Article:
Two members of the New Jersey State Senate resigned their seats in the legislature to sign up for active military service:

W. Steelman Mathis was elected to the State Senate from Ocean County in 1940. He had served in the U.S. Army during World War I, but after the Japanese bombing of Pearl Harbor, he decided his place was in defense of his country. Mathis resigned from the Senate in 1942, and at age 44 joined the U.S. Coast Guard. He returned to the Senate in a 1946 special election, became Senate President in 1955, and served in the Senate until his retirement in 1965.

Wesley Lance of Hunterdon County was elected to the State Assembly in 1937, at age 29, and to the Senate in 1941. He resigned from the Senate in 1943 to enter the U.S. Navy and served on an aircraft carrier. Lance resumed his political career in 1947 when he was elected to serve as a Delegate to the state Constitutional Convention, and appointed as a Hunterdon County Court Judge. He was again elected to the State Senate in 1953, winning the nominations of both the Republican and Democratic parties, served as Senate President in 1959, and retired from the Senate in 1961. Lance, now 99, is the father of Senate Minority Leader Leonard Lance.

Many other local officials traded in their public offices for military uniforms, including: Joseph Cowgill (later the Senate Minority Leader), who resigned as Camden County Surrogate to join the Navy; Henry Haines (later a State Senator), who resigned as a Councilman in Burlington City to join the Navy; and Sido Ridolfi (later the Senate President) left his post as Counsel to Governor Charles Edison to join the U.S. Coast Guard.

In 1941, Democrat Robert Meyner, a 33-year-old attorney from Phillipsburg, ran for State Senator in Warren County and lost the general election by just fifty votes. He enlisted in the U.S. Navy in 1942 and as a Commander of Naval gun crews on merchant vessels in the American and European theaters. He ran again for the State Senate in 1947 and won. He became Senate Minority Leader in 1950, and in 1953 won an upset victory for Governor of New Jersey against Republican Paul Troast.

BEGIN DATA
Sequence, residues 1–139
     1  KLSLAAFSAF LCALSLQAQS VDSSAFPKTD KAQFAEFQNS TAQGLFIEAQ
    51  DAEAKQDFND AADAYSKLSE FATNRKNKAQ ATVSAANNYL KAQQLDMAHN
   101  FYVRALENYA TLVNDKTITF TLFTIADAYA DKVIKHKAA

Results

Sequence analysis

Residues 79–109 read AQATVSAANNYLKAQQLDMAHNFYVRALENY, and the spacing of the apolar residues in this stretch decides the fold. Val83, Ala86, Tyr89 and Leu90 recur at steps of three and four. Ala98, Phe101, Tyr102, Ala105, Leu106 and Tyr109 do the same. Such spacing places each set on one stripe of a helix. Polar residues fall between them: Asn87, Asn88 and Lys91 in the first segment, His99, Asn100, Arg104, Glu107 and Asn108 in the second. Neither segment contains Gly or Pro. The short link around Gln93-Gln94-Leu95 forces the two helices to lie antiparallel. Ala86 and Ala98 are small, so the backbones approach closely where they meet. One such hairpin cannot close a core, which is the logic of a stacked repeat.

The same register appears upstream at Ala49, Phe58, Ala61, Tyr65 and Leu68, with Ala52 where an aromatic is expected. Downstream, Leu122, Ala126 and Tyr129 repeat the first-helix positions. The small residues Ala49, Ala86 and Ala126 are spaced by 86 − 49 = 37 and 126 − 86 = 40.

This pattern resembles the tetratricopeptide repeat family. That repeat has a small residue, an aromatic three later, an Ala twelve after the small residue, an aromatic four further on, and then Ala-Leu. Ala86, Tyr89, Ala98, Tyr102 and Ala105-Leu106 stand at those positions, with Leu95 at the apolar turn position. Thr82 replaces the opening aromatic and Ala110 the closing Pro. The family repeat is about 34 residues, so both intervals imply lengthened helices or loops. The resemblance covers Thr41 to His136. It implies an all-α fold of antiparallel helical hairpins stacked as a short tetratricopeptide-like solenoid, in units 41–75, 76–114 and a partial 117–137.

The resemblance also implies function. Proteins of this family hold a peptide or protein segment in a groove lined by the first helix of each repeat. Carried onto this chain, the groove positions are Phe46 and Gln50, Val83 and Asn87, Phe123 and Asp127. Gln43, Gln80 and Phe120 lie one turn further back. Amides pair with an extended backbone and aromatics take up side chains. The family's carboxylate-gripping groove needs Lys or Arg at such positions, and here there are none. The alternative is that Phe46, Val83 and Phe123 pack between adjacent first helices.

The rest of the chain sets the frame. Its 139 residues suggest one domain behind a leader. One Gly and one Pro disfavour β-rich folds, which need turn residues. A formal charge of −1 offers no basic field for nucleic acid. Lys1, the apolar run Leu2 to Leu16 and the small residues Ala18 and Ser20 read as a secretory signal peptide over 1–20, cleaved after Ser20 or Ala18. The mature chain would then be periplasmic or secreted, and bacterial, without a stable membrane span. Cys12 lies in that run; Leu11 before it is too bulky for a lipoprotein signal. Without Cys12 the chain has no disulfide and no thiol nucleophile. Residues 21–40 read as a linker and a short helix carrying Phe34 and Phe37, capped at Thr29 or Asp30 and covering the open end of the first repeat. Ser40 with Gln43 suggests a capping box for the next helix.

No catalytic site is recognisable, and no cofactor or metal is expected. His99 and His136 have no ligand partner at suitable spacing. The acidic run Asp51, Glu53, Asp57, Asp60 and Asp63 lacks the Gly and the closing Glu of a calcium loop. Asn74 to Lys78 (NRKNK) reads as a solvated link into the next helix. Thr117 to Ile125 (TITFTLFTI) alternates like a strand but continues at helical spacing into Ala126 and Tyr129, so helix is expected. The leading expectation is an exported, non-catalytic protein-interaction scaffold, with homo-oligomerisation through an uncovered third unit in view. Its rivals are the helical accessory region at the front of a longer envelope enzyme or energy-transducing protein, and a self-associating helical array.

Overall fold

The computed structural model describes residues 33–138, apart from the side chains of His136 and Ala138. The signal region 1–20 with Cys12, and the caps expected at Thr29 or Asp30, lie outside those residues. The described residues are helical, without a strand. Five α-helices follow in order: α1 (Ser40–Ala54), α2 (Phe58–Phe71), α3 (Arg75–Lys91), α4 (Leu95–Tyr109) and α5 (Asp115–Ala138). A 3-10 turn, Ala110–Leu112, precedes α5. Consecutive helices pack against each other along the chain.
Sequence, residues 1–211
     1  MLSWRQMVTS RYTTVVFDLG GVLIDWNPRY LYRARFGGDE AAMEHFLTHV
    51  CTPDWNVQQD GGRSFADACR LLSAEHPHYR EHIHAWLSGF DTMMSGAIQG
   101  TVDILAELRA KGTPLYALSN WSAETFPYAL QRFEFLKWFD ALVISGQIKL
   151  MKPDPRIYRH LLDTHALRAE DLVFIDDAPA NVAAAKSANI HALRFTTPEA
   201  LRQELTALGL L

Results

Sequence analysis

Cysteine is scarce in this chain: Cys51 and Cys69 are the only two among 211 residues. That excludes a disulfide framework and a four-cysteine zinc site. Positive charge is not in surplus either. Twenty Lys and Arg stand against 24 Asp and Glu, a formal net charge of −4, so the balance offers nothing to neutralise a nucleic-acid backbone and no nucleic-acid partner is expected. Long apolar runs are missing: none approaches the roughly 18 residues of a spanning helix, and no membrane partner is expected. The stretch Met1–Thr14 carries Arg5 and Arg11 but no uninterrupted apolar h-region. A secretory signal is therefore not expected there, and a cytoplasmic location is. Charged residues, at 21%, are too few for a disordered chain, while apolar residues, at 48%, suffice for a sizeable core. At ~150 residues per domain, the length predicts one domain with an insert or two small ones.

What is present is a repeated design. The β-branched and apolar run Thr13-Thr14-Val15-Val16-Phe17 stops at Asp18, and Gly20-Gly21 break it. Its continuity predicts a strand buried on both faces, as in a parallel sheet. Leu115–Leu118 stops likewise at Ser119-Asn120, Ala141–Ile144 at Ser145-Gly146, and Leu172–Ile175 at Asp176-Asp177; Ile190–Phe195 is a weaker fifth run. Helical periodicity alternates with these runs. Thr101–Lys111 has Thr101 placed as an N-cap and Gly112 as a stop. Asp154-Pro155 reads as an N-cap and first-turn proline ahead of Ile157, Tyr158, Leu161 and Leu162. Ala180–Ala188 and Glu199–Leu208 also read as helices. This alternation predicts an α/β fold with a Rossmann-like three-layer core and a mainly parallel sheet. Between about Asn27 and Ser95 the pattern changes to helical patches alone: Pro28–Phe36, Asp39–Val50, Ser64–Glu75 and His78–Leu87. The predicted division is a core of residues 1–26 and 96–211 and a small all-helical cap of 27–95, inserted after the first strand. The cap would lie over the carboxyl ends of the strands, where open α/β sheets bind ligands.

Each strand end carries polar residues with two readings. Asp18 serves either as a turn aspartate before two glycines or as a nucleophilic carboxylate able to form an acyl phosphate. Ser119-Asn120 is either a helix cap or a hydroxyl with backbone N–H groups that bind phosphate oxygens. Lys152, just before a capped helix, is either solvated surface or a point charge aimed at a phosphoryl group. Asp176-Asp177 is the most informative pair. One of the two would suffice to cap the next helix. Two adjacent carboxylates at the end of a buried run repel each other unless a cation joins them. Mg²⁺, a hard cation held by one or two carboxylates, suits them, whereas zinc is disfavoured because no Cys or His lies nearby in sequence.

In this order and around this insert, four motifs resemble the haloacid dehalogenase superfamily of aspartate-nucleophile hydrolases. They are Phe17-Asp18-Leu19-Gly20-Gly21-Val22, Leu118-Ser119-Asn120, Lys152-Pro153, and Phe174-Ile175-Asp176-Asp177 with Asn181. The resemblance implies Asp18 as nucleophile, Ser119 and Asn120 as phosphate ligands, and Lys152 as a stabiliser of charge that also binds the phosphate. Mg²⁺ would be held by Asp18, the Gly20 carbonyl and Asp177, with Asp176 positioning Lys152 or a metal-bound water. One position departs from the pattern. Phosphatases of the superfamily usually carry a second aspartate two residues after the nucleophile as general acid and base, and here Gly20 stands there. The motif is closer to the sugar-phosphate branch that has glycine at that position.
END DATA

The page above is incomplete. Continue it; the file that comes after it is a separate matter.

The spirit of public service demonstrated sixty years earlier by Vreeland, Osmers, Mathis, Lance and many other members of what Tom Brokaw called “the greatest generation” was not lost on current politics. Soon after September 11, 2001, Carly Albertus, then a 25-year-old member of Acting Governor Donald DiFrancesco’s staff, joined the New Jersey National Guard. She was the first political operative to heed the call of America’s defense.

Then-Burlington County Democratic Chairman Louis Gallagher, who was running against GOP Senator Diane Allen in the seventh district, was among a large group of Naval Reserve officers to be called up for active military service. Gallagher was a Master Chief of the elite Navy SEAL Team, assigned to the Special Operations Command. He served in Desert Storm, Grenada, Panama, Bosnia, and Nicaragua. His wife continued his ultimately unsuccessful campaign against Allen while he was on active duty.

Those who served this nation in military service dominated politics in the post-World War II era. General Dwight Eisenhower was elected President with relative ease; historians say that Republicans and Democrats both tried to entice Eisenhower to join their party. Americans rewarded our nation’s war heroes by electing record numbers of veterans to public office. John F. Kennedy and Richard M. Nixon in 1946, and Gerald R. Ford in 1948, won election to Congress mostly on the coattails of their own military service. New Jersey voters sent ten young World War II veterans to Congress between 1948 and 1960.